“A key consideration is to establish how patients in your disease area are likely to be treated in the future, work out how your brand aligns with it - and then develop an integrated strategy designed to change behaviours accordingly. The strategy will involve stakeholders - and subsequent tactical implementation - from clinical trial development, market access, communications and commercial operations. But if everything is anchored to the strategic platform, it's much easier to create coordinated communications programmes that add value and change behaviour. Getting there, however, requires brand directors to think much further ahead.”

From monologue to dialogue
The approach also requires brand teams to make the journey from monologue to dialogue. “Traditional healthcare communications have focused on 'telling'. There is often an implicit assumption that the recipient comes as a blank sheet that we can write the message on. Of course, this is far from being the truth,” says Rob Horne. “Our reaction to any communicated message is shaped by the beliefs that we bring with us. For example, research shows that non-adherence to medicines is often related to patients' beliefs about their illness and treatment. These beliefs often differ from the medical view yet have a much stronger influence on behaviour than medical advice or healthcare communications. The real challenge for healthcare communications is to engage with these beliefs, correct any misconceptions and address concerns. We need to listen as well as tell.”

Prepare for the prosumer
Another powerful change that's driving healthcare communication is the shifting behaviour of customers - not least due to the pervasive nature of digital, social and mobile technologies. The remarkable transformation of communications platforms has become a catalyst for more empowered and informed consumers - and made the battle for meaningful share of voice increasingly difficult. Now is not the time for shrinking violets.

“The future of healthcare communications will be shaped by our ability to respond to the shift from consumer to prosumer,” says David Hunt. “Although the terminology has been widely used in other sectors for many years, it's not nearly prominent enough in healthcare. Prosumers are more than just 'professional consumers' - they're brand advocates with powerful networks and trusted, influential voices. Historically, HCPs have been starved of diversity, in their sources for information. As a result, the pharma industry had been able to shape the channels, control and deliver the story and ultimately build brands. But the world has changed, and for the better.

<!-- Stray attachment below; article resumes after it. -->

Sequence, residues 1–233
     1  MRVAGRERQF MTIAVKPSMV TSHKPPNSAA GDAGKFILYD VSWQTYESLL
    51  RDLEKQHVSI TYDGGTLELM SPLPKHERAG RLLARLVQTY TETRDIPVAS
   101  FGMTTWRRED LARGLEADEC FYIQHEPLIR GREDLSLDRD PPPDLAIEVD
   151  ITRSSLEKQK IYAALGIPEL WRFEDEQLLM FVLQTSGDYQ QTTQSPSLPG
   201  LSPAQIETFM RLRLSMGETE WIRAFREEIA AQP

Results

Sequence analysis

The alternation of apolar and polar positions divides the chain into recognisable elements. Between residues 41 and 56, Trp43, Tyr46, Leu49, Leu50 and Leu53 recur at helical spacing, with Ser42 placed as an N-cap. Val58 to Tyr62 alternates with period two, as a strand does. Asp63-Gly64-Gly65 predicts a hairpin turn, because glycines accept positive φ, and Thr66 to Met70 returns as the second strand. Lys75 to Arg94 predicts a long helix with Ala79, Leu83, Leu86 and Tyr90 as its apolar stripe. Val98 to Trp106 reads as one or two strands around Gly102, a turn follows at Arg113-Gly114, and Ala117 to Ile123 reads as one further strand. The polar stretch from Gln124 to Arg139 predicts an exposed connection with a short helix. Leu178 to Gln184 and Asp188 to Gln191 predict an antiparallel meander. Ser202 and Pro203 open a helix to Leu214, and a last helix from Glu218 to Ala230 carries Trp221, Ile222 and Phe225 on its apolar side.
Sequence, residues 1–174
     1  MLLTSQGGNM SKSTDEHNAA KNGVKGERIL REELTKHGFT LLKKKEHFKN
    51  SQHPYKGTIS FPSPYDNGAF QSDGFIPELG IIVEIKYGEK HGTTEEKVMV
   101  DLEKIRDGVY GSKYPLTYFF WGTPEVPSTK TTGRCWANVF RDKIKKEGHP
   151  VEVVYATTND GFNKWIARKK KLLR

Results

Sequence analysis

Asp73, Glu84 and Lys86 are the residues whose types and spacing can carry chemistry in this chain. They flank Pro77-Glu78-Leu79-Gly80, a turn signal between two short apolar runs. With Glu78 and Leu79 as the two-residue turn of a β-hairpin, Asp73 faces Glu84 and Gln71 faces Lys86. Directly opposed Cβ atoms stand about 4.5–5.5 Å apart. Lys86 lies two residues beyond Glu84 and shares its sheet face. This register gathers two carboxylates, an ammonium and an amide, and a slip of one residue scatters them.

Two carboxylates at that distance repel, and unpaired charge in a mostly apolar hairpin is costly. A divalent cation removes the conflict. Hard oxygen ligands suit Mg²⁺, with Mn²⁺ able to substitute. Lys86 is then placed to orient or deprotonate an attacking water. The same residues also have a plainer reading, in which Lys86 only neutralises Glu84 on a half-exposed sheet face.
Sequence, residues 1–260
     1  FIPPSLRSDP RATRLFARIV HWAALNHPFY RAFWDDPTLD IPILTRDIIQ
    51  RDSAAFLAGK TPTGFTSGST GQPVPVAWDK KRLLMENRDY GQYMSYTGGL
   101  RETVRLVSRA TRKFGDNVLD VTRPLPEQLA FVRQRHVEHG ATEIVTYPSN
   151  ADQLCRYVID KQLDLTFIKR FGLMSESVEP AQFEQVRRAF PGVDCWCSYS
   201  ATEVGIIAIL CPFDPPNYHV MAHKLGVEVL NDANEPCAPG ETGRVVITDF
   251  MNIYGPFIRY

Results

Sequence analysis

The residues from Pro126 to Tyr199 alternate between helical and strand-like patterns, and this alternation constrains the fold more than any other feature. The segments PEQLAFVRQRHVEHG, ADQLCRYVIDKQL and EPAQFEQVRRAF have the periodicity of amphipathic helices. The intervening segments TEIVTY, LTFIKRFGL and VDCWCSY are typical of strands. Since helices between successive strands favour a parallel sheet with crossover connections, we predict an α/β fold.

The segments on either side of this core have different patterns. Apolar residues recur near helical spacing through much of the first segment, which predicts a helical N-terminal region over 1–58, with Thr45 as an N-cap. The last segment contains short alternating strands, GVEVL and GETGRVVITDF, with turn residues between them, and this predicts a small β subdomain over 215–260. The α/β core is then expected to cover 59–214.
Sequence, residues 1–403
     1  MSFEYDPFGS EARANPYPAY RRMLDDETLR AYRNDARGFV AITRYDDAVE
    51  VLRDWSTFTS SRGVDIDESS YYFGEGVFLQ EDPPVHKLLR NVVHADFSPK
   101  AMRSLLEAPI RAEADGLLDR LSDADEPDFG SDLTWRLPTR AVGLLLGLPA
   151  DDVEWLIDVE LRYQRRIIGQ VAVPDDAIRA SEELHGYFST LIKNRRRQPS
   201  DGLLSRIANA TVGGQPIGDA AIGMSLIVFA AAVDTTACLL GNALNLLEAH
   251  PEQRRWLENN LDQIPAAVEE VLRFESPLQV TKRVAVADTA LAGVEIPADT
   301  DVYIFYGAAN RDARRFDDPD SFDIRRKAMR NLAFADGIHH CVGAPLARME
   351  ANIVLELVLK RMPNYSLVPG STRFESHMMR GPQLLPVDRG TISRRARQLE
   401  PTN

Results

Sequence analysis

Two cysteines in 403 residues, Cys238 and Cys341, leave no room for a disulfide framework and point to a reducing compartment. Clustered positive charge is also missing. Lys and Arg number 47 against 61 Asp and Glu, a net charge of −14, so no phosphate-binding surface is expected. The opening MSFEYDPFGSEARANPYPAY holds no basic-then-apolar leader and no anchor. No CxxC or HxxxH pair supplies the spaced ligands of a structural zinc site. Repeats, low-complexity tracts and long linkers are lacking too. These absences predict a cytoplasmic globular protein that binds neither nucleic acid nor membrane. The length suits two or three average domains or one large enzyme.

“Prosumers now have a proliferation of channels and sources from which they can obtain information. As an industry we must now work harder than ever to build credibility and earn trust, so that we can build relationships and ultimately become part of the stakeholder's choice. It is these choices which enable informed decisions - that will in turn be shared with the wider community. Prosumers are proactively seeking information from those they trust, forming an opinion and sharing it with their peers. The future of healthcare communications is not about maximising new channels and platforms, it's about maximising our relationship with prosumers and recognising that they represent the new channels - and leveraging that knowledge to change behaviours.”

To drive progressive and effective healthcare communications, there's probably an argument for some classic behavioural change on all sides

A collective responsibility
So what do all these shifting sands mean for the pharma/agency relationship? To drive progressive and effective healthcare communications, there's probably an argument for some classic behavioural change on all sides. “There's been a tendency in the past for agencies to blame pharma companies for being risk-averse and conservative in their approach to healthcare communications,” says Dennis O'Brien. “This is an easy excuse. In fact, as agencies we could be more ambitious in our thinking and challenge clients to seek greater strategic counsel. Senior executives within pharma do recognise the value of building strategic relationships with agencies. However, although the implementation of that message can sometimes get lost in translation as it cascades down an organisation, it's actually an agency's responsibility to push clients harder to develop ambitious programmes that anchor back to their strategy. At times, there isn't enough challenge in the system for an agency to say: why are we doing this? For every tactic and every programme we need to be asking this question - collectively - and ensuring the answers align with the strategic platform.

“Ultimately, the bigger goal is to improve outcomes and change patients' lives. It's therefore a joint responsibility to develop integrated programmes that change behaviours.” 

Article by
Chris Ross

Freelance writer specialising in the pharmaceutical and healthcare industry

18th September 2015

From: Marketing